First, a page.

Limited Taxation & Government
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CLT&G Update
Friday, December 4, 1998

The revenues keep pouring in, the surplus keeps growing, the "rainy day" slush fund keeps mounting, and the "temporary tax" Promise continues to be broken.

One result of low voter turnout in the November election is that signature requirements for initiative petitions have been dramatically reduced.

According to the state constitution, the total number of signatures required is a factor of the total vote in the last election for governor.

Before November's election, the required number was 64,928 certified signatures Massachusetts registered voters, based on the total vote for governor in 1994.

The new requirement, since November's election, is 56,915 -- 8,013 fewer signatures than last year.

We needed to submit 64,928 certified signatures on our Promise to Keep: 5% petition last December and, after months of challenges by the Massachusetts teachers union, we fell 26 signatures short.

Under the new requirement, we easily would have made it with almost 8,000 signatures to spare!

Something to think about . . .

Chip Ford --

The Boston Globe
Thursday, December 3, 1998

Tax Revenue up nearly 11% as economy rolls along
By Hilary Sargent
Globe Correspondent

Defying economists' predictions in the spring that the state's booming economy would slow down this fall, Massachusetts continues to bring in a bonanza of tax revenue, with collections running nearly 11 percent ahead of levels at this time last year.

In contrast, by November 1997 tax revenues had increased about 4 percent over the previous year. By the end of the fiscal year, or June 30, the state had a record $1 billion budget surplus.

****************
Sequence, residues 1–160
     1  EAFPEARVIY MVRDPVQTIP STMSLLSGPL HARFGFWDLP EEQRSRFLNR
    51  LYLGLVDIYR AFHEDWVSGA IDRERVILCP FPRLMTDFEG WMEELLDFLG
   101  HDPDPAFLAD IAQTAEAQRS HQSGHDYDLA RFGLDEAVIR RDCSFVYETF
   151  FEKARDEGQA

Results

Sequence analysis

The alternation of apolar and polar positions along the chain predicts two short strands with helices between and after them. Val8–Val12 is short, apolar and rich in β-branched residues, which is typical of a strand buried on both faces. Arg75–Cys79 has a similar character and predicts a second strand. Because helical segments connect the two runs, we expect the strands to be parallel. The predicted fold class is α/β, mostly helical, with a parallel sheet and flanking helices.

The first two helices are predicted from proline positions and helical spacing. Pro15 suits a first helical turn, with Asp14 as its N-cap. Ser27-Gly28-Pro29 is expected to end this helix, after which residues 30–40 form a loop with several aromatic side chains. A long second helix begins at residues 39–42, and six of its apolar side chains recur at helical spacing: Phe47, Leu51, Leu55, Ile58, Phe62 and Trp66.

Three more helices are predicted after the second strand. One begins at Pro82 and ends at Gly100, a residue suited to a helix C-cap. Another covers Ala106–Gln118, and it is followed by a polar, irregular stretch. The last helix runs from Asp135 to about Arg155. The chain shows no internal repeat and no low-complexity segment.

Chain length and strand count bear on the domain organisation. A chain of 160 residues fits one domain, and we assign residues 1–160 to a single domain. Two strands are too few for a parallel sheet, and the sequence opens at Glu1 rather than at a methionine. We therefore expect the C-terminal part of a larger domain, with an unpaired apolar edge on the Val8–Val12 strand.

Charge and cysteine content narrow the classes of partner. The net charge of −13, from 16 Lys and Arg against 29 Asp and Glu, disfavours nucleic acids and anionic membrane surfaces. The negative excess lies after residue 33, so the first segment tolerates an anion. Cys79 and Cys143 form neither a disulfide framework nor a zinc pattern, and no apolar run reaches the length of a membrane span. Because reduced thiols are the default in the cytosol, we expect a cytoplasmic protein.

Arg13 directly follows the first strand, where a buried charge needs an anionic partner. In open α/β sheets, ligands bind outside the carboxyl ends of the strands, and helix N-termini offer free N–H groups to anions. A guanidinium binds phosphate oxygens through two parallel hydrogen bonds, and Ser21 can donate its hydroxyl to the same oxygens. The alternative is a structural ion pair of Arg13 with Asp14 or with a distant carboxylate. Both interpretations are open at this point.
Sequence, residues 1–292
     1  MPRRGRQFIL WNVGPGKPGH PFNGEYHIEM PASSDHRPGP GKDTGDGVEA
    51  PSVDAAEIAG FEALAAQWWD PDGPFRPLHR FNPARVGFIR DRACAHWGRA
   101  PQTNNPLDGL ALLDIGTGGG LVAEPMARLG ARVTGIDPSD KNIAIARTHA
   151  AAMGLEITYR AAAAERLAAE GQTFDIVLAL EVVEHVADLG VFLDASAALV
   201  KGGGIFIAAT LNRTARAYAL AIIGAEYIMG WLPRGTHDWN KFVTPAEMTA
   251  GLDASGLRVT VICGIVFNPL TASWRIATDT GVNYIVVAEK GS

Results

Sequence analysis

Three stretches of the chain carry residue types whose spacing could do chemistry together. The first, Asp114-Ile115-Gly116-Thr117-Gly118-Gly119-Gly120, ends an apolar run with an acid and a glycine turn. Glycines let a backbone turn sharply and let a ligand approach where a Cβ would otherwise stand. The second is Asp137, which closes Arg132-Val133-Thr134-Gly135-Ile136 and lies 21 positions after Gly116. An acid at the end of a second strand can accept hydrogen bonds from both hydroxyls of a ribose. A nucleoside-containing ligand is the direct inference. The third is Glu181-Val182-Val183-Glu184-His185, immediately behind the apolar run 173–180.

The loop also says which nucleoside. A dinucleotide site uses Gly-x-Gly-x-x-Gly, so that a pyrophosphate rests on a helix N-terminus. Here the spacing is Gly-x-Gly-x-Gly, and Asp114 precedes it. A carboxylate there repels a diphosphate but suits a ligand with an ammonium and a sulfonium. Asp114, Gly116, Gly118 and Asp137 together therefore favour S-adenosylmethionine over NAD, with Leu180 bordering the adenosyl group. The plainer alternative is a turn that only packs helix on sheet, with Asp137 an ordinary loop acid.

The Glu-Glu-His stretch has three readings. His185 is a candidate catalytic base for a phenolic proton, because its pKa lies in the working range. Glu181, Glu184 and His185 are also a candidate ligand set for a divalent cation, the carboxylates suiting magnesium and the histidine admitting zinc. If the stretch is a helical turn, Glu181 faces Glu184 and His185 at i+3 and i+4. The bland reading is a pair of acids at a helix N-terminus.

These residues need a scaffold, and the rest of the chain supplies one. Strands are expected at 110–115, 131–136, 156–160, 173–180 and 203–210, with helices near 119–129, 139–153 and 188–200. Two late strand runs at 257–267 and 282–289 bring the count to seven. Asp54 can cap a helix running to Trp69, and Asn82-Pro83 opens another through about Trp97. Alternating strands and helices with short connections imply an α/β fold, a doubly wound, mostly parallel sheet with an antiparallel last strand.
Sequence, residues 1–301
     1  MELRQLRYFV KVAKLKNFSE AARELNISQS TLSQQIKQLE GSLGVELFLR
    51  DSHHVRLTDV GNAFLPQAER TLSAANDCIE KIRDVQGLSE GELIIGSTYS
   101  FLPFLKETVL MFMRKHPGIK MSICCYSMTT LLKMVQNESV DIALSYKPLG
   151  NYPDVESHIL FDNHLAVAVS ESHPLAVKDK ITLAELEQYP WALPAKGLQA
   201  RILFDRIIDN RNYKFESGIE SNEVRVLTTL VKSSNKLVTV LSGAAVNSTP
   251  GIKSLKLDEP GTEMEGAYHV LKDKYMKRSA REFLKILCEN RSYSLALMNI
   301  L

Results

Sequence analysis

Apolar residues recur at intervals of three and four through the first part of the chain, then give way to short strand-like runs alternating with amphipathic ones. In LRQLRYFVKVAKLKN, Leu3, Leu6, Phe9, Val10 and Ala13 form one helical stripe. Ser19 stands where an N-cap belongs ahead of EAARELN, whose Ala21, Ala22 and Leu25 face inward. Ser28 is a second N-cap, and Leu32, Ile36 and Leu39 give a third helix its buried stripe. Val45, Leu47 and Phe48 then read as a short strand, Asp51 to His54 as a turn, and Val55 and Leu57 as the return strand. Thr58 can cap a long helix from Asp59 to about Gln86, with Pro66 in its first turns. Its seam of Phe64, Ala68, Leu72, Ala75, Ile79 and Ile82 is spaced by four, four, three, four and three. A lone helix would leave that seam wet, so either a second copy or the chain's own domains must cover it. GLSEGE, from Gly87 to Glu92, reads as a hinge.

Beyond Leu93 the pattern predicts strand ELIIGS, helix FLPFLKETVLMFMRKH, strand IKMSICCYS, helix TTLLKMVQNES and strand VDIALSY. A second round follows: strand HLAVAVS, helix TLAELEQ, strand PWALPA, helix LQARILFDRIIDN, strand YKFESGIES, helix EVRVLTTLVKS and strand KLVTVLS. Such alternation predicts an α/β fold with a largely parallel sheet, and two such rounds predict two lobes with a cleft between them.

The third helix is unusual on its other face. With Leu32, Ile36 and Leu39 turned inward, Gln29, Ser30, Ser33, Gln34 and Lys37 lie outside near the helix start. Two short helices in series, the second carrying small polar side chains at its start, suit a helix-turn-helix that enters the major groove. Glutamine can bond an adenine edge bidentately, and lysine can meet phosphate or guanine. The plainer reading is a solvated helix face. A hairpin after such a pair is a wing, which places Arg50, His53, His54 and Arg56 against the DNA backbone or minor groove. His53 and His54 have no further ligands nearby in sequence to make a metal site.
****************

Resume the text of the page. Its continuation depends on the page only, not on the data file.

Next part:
November tax revenues, just released, jumped roughly 12 percent over the same period last year.

If the torrid pace continues, the state will enjoy another huge budget surplus that will likely set off another round of disputes over tax cuts and spending plans.

A large surplus would also bolster Governor Paul Cellucci's call to reduce the state's income tax rate to 5 percent, a cut that would trim revenue intake by more than $1 billion. Democratic legislative leaders have resisted such a cut, in part because they say the immediate future of the state's economy is unclear.

In the month of November, the state collected $972 million, compared to $866.8 million during the same month a year ago, according to Acting Revenue Commissioner Bernard F. Crowley, Jr. The revenue collected thus far in the fiscal year totals $5.43 billion, up $522.9 million, or nearly 11 percent.

"All major tax categories continue to show steady growth, with the past month's revenue bolstered by strong sales tax collections, which is good news as we begin the holiday season," Crowley said.

During November, sales tax collections were up about 19 percent from the same month last year, totaling almost $250 million.

The business excise tax levied on banks, insurance companies, and public utilities has shown remarkable growth, rising almost 47 percent between Jule 1 and November 30, compared to the same period in 1997.

Comparing the five-month period, net income taxes are up about 10 percent, sales taxes nearly 7 percent and corporate taxes almost 12 percent.

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